Author Toolbox Blog Hop: Learning how to write, part two

When I wrote this Author Toolbox Blog Hop post back in January, I had just finished submitting the last of my graduate school applications. Once I got my sixth and final confirmation email that my application materials were received, I immediately thought that I would get flat rejections from all six programs. All of the doubts and worries about not getting in anywhere filled the vacuum that writing samples and personal statements had left behind. So I put together a learning plan to improve my skills and be in a better position to get accepted the second time around.

But then in March I got a call from my top choice school, Iowa State University, telling me I was accepted and also offered the Pearl Hogrefe Fellowship in Creative Writing. By that point, I had fallen behind on most parts of my plan, but I was still writing regularly. Fast forward to the past few weeks wrapping up loose ends with my job while also saying my goodbyes to New York City and the people in it. I’ve been barely writing at all because of how much I had to get done before moving.

Now, I’m in Ames, nervous and excited and ready as I’ll ever be for this new phase of my writing life.

There are countless articles, blogs, and pro/con lists about the MFA degree and whether or not it’s “worth it.” When I read through some of these things as I was making the decision to apply, the only thing I became certain of was that there’s no one true answer to the MFA question, no hard Yes or No. I had to decide the “worthiness” on my own, and eventually I decided that yes, I wanted to pursue this. For me, my reasons for applying boiled down to:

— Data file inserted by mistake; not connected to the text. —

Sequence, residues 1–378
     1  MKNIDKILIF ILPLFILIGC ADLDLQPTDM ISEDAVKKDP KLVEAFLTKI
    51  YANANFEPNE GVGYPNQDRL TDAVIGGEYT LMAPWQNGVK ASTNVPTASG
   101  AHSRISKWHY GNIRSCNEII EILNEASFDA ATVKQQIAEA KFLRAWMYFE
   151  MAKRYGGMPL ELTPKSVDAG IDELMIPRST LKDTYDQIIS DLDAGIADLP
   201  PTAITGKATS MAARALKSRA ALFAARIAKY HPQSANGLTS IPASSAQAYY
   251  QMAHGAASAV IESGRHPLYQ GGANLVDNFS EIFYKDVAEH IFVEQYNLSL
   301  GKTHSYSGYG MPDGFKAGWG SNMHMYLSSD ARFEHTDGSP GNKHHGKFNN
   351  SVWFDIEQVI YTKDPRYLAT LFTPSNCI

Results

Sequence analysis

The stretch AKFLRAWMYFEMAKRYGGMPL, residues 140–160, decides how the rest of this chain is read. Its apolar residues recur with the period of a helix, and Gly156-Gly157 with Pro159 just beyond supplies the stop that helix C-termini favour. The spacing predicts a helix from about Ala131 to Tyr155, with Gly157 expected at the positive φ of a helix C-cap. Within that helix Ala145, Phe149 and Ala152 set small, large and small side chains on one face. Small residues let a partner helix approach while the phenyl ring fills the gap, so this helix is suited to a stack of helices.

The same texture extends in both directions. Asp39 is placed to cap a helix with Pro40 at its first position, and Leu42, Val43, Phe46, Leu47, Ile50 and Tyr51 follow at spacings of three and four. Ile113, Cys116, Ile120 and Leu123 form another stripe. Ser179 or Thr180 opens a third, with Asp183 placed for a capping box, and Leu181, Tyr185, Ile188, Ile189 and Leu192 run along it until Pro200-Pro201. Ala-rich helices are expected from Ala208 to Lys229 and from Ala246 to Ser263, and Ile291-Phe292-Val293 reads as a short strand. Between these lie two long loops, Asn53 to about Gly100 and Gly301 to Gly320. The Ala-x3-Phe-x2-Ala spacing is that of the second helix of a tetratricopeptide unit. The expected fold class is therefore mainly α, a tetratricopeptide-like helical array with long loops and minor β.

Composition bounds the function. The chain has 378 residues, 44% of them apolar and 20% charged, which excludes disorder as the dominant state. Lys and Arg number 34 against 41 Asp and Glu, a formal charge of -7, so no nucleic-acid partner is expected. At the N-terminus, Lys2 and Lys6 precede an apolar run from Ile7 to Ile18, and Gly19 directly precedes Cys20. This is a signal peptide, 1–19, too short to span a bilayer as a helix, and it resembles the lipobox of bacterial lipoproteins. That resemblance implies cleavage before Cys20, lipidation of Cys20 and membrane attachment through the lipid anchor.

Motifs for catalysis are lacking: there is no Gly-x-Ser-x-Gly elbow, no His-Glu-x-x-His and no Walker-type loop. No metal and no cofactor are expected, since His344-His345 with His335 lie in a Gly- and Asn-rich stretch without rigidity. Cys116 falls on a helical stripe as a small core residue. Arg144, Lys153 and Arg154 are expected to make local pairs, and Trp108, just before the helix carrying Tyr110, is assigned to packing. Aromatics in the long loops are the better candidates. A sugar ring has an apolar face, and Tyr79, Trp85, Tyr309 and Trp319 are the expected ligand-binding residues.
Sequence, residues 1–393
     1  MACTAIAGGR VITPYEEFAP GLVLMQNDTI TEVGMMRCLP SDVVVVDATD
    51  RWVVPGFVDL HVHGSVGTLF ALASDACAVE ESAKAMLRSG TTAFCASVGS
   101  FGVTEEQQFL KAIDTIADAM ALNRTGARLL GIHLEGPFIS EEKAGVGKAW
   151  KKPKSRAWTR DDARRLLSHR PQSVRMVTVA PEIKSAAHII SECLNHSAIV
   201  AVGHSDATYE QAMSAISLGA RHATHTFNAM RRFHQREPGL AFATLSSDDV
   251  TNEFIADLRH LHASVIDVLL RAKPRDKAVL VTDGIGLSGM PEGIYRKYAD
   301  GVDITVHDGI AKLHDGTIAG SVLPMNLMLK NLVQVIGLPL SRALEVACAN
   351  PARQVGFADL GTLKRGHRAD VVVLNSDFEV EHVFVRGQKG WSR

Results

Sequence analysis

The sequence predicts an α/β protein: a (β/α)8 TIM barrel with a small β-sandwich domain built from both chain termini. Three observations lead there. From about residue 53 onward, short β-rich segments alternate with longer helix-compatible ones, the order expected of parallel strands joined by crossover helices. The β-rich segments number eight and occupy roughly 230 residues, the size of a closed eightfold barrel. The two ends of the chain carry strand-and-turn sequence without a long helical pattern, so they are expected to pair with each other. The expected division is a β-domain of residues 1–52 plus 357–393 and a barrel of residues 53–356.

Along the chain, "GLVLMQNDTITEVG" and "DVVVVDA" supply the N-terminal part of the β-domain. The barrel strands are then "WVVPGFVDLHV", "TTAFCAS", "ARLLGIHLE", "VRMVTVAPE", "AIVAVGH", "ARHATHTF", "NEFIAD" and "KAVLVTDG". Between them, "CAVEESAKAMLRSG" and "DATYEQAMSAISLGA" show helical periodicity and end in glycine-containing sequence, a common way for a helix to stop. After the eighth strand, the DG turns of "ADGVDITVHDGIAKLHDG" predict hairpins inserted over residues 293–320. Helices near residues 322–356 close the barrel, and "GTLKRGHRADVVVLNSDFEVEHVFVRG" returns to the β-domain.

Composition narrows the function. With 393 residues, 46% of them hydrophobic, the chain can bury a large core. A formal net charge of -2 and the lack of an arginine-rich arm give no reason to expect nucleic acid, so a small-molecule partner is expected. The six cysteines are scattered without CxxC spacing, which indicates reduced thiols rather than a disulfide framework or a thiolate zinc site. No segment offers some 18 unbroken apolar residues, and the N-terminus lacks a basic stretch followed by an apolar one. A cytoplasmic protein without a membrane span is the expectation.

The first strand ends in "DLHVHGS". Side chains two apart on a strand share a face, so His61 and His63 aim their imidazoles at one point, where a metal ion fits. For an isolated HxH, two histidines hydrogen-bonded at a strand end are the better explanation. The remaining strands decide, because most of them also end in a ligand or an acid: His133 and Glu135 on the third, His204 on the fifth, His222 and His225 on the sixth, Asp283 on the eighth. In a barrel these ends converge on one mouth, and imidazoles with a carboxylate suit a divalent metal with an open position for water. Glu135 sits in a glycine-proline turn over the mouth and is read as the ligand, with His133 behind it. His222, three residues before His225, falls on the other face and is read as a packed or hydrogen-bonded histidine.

• Wanting to throw myself into writing to see how far I could go with it; an MFA environment can give me the time, space, and support to experiment and learn.
  • Wanting to meet more writers like me, who were seeking that same time, space, and support to learn and grow.
  • Wanting to go back to school for a graduate degree; a fully-funded MFA program fit the bill.
  • Wanting a change of scenery; as much as I loved New York, it was getting a little overwhelming.
  • Wanting a way to transition from my current career path to something in publishing, whether as an author or editor; there are obviously many ways to do this, and an MFA program can be one of them.

Classes start next week, and so far (before I’ve even officially started the program) I feel confident that I’ll be fulfilling all of the wants I’ve listed above. Already I’ve met some of the members of my cohort, all of them friendly and fascinating, and Ames is definitely a change of scenery from New York. We’ll see in three years if my feeling is right.

Do you have a degree in creative writing? What do you think of creative writing programs in general?


This post was written as part of the #AuthorToolboxBlogHop organized by the human dynamo, Raimey Gallant. Every month, authors at all stages of their career blog about specific resources/learning opportunities for fellow writers. To continue hopping through other great blogs in the monthly #AuthorToolboxBlogHop, click here.

Header image from Pixabay.

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